Here’s the bottom line for all of you who have little time or a short attention span: AT&T and other big data companies make it a point to regularly overcharge you. And I could show you how they did it on my iPad. And I can show you how to successfully argue about it with them, so they’ll stop their cow manure.
I’ve had an iPad 2 for around three years. Originally I got it because it made more sense for me to have a versatile tablet than just a hardware Kindle for the electronic books I wanted. Although I didn’t know it would at the time, the iPad became a fabulous boon for a news and culture watcher like me. Pulse news reader was followed by Flipboard and news Web browsing. Thus I’ve got lots of experience with this computer.
Yeah, yeah, I know enough about conflict minerals, rare earth elements and politics to know that my use of mobile technologies can easily be heard as completely dissonant with good treatment of Gaia. But there are some trade-offs I make to be technologically- and culturally-savvy in the Anthropocene.
Add that I’d also built and run a network. From scratch. From top-to-bottom. For 14 years. I know my way around networks, and when I need a tool I can find it and know how to use it. Around 15 months ago when my first iPad 2 was replaced (free) under warranty, I noticed a curious new behavior of my new iPad 2. It wouldn’t keep its WiFi connection to my home studio network, and kept defaulting to 3G cellular for data. Whether it was the new release of iOS software before I got the new iPad (6?) or a sloppy software bug or intentional mismanufacture I didn’t care. The new iPad 2 kept blowing past my modest 250 MB/month limit and I’m very good at managing data volumes.
So, like anyone else who’s thought about such a problem, I instantly suspected that either Apple had changed their policy for everyone — which directly affected me — or AT&T had, or both. I didn’t care who did it, but I won’t accept it when most other countries in the world – other than America – have much faster broadband at much lower costs. Why should you accept it? AT&T has the most to gain from overcharges. US$ 15 overage charges for each of 70M AT&T customers could equal US$ 1B. Per month. Even if a third of their customers paid an extra $15 monthly that would be $350,000,000. 10% of their customers going over would be $105M. Per month. That’s why they do it.
When I telephoned Apple to diagnose the problem with me, they claimed there was no issue. Although that’s completely inconclusive without some good testing and equipment and a trustworthy company, which I didn’t have at my disposal in that moment, I next rang up AT&T. It’s their SIM card in my iPad 2 which would be the next likely culprit. My studio router is managed by me so I knew it was kosher.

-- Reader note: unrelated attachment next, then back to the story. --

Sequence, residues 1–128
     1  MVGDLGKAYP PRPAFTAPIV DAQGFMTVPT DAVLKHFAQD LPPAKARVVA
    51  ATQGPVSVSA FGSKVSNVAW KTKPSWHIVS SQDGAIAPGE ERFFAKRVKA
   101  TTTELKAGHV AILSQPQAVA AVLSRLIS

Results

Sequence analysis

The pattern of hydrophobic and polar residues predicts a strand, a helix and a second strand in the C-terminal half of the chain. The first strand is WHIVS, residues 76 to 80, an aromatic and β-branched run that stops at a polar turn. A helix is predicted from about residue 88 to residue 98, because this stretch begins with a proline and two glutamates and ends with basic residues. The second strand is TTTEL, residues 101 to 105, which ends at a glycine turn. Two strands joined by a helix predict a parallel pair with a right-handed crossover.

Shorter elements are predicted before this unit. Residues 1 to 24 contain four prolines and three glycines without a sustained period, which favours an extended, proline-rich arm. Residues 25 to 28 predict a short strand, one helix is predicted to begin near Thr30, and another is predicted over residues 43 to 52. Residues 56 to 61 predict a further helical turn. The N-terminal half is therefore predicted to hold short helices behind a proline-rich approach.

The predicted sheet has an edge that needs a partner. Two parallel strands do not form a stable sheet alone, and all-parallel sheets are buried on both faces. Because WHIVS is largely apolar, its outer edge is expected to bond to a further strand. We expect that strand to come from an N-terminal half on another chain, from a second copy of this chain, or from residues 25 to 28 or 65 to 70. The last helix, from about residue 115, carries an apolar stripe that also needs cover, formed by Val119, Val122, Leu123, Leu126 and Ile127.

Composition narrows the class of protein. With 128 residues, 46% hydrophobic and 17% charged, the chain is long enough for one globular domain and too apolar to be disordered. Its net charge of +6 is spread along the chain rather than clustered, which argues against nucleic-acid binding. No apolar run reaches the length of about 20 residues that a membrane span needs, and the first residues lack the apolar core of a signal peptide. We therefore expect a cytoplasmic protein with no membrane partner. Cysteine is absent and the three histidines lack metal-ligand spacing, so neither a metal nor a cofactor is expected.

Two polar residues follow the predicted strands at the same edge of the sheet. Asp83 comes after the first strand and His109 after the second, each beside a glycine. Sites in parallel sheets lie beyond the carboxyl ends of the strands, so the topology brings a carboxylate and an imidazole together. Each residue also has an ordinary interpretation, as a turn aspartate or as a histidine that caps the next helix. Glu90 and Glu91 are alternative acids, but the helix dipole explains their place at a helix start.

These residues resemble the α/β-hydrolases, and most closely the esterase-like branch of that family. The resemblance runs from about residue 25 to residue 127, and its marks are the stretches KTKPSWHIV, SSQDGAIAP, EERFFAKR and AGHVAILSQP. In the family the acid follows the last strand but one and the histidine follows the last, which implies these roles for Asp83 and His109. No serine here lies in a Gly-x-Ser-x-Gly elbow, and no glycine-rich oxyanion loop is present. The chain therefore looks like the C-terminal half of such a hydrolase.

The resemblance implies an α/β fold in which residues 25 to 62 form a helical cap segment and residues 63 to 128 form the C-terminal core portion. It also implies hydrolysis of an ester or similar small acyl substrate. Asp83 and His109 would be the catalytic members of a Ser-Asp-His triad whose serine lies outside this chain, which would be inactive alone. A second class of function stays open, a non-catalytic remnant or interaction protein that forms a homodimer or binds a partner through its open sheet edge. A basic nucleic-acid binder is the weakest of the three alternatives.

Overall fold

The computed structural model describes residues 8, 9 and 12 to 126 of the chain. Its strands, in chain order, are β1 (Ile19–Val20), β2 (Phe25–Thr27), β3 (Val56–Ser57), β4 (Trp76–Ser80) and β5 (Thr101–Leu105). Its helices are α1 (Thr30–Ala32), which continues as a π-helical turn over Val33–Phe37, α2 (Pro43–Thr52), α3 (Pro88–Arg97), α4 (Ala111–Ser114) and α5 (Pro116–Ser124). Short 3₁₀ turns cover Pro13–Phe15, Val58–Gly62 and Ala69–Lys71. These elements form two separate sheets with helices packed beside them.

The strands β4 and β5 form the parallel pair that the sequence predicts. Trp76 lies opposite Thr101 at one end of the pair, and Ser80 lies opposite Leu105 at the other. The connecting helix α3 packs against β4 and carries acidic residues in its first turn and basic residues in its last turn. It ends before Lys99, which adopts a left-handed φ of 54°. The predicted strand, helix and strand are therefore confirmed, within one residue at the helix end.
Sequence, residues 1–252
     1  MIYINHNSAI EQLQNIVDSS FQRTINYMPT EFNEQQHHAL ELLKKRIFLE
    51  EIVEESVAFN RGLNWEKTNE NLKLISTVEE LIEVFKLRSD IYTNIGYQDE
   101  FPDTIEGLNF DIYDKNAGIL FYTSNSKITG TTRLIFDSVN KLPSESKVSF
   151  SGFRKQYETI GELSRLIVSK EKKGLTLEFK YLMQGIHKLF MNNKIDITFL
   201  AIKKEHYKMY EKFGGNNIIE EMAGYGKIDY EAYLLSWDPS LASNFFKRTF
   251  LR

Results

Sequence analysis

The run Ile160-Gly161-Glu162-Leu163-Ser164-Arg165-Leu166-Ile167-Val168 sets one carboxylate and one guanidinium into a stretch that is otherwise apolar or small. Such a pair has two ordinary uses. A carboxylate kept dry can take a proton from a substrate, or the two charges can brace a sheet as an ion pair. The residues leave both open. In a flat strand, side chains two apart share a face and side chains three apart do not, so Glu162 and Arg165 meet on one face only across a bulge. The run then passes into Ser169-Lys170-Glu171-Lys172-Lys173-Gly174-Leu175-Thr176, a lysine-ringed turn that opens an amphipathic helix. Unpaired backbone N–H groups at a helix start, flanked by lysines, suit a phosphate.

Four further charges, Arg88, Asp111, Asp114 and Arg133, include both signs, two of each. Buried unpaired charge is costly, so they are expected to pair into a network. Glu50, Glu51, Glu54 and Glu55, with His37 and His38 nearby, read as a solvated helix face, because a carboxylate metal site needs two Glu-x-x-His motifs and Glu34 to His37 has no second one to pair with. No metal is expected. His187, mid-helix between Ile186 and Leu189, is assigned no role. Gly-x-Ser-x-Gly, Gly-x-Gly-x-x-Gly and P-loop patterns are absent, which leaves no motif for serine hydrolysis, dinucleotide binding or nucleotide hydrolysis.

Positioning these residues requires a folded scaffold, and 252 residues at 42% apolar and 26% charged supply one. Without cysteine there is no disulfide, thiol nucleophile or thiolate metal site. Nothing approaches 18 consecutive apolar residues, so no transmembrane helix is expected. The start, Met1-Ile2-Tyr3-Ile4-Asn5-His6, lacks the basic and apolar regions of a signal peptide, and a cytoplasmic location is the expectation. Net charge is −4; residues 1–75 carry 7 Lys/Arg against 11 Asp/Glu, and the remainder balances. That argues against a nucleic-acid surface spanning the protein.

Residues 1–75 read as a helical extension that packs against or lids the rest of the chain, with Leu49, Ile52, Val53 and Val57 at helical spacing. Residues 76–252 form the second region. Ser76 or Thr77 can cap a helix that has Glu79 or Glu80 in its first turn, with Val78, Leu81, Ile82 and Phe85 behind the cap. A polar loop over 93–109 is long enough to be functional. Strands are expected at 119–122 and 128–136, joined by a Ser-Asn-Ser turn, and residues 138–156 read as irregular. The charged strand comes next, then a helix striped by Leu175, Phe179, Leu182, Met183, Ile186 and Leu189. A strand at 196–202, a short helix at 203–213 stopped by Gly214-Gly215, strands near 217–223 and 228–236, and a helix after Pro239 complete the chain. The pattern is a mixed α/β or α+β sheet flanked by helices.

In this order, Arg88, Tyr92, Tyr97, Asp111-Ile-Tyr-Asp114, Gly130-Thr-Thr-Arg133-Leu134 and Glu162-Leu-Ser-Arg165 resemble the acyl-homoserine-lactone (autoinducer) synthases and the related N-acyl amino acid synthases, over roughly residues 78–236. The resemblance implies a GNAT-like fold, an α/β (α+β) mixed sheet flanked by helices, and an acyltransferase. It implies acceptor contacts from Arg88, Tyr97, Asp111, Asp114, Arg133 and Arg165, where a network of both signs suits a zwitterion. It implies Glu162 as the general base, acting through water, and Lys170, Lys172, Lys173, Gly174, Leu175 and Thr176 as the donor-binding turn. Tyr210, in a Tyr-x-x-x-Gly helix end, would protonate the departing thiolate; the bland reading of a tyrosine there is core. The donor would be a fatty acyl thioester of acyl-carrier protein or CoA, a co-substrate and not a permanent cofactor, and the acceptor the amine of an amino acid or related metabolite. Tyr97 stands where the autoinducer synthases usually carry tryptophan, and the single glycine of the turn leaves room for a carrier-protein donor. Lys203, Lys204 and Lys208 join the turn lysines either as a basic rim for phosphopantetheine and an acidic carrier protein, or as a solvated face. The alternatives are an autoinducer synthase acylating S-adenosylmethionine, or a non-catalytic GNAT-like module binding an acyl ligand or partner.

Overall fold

And when I called AT&T a very curious thing happened. When they were presented with my sensible question about how they should help me track the origin of my alleged data, they simply reversed the fishy overcharge. I asked them for the list of IP addresses from which the data came. If, for example, I was sitting in a restaurant, grazing my Pulse news, the data had to come from AT&T’s cellular tower, which in turn had to come from Pulse’s Internet servers. There’s always a trail. It’s not unheard of to have 30 or 40 hops across different IP addresses before your data get to you.
The AT&T rep I talked with in Fall 2012 declined to field my reasonable question – please provide me with the IP addresses which account for the extra xx MB of data for which you want to charge me. She just immediately credited the charge I was disputing.
And now at this writing, by these simple screenshots of my iPad 2’s current, alleged data use, AT&T is back to their old tricks. Fuck ’em. I regularly pay them around US$ 118 monthly for data and voice on my iPhone and iPad. They can’t have the extra $15 monthly because they have sloppy and surreptitious data policies designed to confuse their customers.
You could call ’em and ask them some simple questions. Ask them to show you the trail of their charges. If the NSA and corrupt governments can track us and our children anywhere and everywhere – then AT&T damn sure has the records showing how much you really used on your data plan.
Update, 1-28-14: After calling AT&T to again ask them to solve the problem of mysterious data overages, they said they won’t do it. Gee, and am I surprised, or what? ;-)
After I asked them to, they credited the new data overage charge. But also said they won’t provide any IP addresses to me to track the data. When I told them what was going on, they said for me to look at my account on-line, which shows when the data are transferred. They said the times of day would show there what was happening on my iPad. Except the times are they show are frequently inaccurate. Of course, the only way to stop the problem is temporarily turn off cellular data usage on the iPad.